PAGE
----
Ed Tech vs.
Psycholinguistic Tech
BLOG
June 22, 2019
Evgeny Chukharev-Hudilainen, PhD
Linguatorium R&D
Your child is ill and you take them to the doctor's office. The doctor prescribes some pills, and you ask if they will help your child recover. "No," says the doctor, "but they are free and easy for you to give to your child at home."
When I told this made-up story during my keynote talk at the JALTCALL conference in Tokyo, Japan a couple of weeks ago, the audience laughed. However, when on a different occasion I asked a group of ESL teachers why they kept recommending Duolingo to their students, this was exactly the response I got: "Because it's free and easy for parents to use with their kids at home."
This reminded me of the state of healthcare before the advent of evidence-based medicine. Today's MDs will not prescribe medications that don't work, but a hundred years ago they would treat infections with mercury. Some patients would recover (despite the "treatment"), while others would die of mercury poisoning. If they died, however, the failure would often be blamed on the patients' lack of faith in the curative power of mercury.

The healthcare system has changed. Now before a new drug is approved by the FDA, it needs to be tested for its true effect in a blinded, placebo-controlled trial. In education, however, the "placebo effect" still occupies the central stage. Interventions that work are generally those that are fun for the students. In fact, student motivation and engagement are the top predictors of learning outcomes. And that may be fine for content learning, but surely not for language learning.

Mercury ointment used for treating infectious diseases
By Jhansonxi, CC BY-SA 3.0
Learning English, or Spanish, or French is not the same as learning science, math, or history. Language is not a "subject," it is a cognitive skill that is so deeply integrated into brain circuitry that you can't "learn" it by just doing things that are fun.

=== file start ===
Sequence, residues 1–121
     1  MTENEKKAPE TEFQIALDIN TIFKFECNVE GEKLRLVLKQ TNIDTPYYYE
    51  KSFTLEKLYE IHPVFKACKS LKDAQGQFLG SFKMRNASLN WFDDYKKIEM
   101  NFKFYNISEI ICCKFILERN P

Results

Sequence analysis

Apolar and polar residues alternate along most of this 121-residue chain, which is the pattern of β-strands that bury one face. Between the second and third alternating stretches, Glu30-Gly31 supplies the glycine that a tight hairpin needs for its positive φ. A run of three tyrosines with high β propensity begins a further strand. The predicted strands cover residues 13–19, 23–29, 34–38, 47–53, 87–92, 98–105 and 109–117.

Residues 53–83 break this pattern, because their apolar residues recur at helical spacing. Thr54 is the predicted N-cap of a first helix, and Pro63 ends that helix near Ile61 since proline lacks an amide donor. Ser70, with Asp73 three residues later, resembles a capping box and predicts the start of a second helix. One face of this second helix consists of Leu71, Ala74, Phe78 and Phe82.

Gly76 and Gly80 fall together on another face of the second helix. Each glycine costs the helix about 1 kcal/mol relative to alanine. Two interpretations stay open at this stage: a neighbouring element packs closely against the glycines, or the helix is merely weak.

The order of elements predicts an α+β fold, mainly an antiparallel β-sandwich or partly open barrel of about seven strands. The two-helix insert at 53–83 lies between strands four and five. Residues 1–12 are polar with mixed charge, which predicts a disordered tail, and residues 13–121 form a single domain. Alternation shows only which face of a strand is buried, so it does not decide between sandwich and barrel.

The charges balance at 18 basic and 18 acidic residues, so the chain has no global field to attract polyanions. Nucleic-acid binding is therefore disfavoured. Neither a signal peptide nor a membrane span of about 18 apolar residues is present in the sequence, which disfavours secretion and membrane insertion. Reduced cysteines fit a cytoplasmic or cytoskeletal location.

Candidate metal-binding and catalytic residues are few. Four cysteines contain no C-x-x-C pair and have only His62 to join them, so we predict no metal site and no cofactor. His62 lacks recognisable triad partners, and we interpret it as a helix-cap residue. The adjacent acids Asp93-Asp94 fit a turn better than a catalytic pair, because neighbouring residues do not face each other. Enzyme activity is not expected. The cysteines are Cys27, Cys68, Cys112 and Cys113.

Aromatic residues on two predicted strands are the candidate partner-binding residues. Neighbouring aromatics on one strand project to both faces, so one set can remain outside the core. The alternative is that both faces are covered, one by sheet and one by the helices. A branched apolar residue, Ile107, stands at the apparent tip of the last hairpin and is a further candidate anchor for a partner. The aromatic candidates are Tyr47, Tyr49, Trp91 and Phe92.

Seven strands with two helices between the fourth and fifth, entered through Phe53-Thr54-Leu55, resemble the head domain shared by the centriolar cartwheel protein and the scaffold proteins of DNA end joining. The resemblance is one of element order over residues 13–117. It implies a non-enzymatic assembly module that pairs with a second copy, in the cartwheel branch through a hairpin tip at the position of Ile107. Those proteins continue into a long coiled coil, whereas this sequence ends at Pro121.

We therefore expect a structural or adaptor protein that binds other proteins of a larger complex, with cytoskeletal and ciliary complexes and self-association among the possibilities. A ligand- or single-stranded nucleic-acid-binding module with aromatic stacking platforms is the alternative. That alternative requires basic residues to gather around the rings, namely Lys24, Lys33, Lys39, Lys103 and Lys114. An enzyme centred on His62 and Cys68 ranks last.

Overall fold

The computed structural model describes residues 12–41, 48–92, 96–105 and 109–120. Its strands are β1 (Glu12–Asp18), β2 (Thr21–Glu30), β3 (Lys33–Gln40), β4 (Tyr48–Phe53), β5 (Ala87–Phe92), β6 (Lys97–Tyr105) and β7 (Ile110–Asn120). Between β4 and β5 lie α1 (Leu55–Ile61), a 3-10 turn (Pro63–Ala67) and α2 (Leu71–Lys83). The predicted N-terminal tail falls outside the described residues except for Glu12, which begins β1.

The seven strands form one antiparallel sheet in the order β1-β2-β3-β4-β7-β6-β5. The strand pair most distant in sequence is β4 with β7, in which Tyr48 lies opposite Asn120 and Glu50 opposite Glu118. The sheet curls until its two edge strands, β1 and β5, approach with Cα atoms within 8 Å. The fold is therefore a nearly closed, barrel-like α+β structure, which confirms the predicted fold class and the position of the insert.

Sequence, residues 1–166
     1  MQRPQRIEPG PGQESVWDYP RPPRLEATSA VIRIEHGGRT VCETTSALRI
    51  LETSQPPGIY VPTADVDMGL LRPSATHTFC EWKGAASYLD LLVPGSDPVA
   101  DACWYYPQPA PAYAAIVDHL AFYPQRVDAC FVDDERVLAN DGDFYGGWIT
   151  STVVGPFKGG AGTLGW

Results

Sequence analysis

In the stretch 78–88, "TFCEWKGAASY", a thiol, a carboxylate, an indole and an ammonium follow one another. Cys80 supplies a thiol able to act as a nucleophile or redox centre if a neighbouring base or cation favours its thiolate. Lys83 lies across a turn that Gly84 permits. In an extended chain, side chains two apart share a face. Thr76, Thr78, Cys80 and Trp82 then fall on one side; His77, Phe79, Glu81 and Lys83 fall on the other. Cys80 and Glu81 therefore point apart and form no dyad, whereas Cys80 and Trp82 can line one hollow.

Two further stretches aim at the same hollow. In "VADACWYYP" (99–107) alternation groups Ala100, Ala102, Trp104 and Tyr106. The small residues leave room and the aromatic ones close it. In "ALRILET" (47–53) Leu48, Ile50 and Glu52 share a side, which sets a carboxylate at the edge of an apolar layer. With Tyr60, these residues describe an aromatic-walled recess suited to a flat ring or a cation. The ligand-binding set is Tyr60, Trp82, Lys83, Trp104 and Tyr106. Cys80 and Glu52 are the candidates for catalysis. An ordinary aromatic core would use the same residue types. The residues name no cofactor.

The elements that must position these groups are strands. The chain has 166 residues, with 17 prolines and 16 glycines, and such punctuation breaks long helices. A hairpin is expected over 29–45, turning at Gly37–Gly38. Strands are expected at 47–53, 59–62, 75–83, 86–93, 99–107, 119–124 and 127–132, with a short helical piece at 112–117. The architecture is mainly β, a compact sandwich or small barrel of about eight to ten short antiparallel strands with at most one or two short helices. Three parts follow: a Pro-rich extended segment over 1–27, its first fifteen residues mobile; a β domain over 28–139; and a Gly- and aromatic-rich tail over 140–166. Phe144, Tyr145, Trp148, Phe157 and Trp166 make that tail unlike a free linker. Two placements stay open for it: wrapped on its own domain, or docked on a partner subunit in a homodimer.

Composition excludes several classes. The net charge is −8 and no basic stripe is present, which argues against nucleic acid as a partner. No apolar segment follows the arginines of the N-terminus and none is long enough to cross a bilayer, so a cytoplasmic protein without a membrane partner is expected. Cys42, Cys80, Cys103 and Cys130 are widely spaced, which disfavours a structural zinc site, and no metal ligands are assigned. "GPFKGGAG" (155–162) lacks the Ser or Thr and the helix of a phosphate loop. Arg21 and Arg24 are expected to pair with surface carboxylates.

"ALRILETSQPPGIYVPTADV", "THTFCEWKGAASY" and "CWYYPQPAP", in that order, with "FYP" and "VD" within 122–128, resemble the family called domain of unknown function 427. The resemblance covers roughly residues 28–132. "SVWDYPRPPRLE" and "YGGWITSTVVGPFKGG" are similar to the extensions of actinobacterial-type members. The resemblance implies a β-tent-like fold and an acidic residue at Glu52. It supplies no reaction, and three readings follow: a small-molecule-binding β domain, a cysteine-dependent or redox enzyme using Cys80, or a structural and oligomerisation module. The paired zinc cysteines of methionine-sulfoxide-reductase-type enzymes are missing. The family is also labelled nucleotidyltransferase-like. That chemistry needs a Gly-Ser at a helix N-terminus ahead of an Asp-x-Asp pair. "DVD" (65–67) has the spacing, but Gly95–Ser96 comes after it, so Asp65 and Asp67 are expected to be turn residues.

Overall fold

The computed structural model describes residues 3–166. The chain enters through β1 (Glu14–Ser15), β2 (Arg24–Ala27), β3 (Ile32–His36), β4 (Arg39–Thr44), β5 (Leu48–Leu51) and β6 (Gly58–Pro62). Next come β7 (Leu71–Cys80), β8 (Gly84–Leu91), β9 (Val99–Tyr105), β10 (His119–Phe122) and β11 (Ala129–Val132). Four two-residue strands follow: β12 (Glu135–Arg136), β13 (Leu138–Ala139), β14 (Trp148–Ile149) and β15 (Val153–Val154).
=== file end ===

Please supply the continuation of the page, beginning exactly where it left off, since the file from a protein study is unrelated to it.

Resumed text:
While educational technology in content classes can be helpful simply because it's engaging, that's not the case for language learning. In fact, what's needed for language learning is not educational technology. It's psycholinguistic technology. Something that works at the cognitive level, something that's grounded in our scientific understanding of how second language acquisition unfolds, and something that is, therefore, highly effective.
Evgeny Chukharev-Hudilainen delivers his keynote speech at JALTCALL-2019 (Tokyo, Japan)
When a child has an ear infection, they don't need anything fun or engaging. They need ciprofloxacin, which is arguably very boring (it's just a white pill they swallow with water), but it works. When most people are trying to learn a second language, their brain actively resists language acquisition, and what they need is a "language learning pill": psycholinguistic technology that will override that resistance and help the brain acquire a new language.

And I am not talking about "a new magic pill." For decades we've known exactly how to teach components of the language system in the most efficient way. Best way of learning vocabulary? Adaptive spaced repetition. Best way of learning a foreign sound system? High-variability phonetic training. Best way of learning writing? Self-regulated strategy development.

What's been really frustrating is that it has been anything but easy (and sometimes plainly impossible) for teachers to use those best-available methods. And that's why, back in 2011, we started the Linguatorium project: to develop tools that would implement the best-available methods of language learning in a way that's easy for teachers and non-taxing on students. Tools that are almost as easy to use as ciprofloxacin, yet are as highly effective. When using an app for 10 minutes a day for a semester leads to a three-fold increase in long-term vocabulary retention (as shown in this double-blind, placebo-controlled, peer-reviewed study), I call that "effective."
Find out more about the Linguatorium tools that implement psycholinguistic technology for language learning.

This blog post is based on Dr. Evgeny Chukharev-Hudilainen's invited keynote speech at JALTCALL 2019 (Tokyo, Japan, June 2019).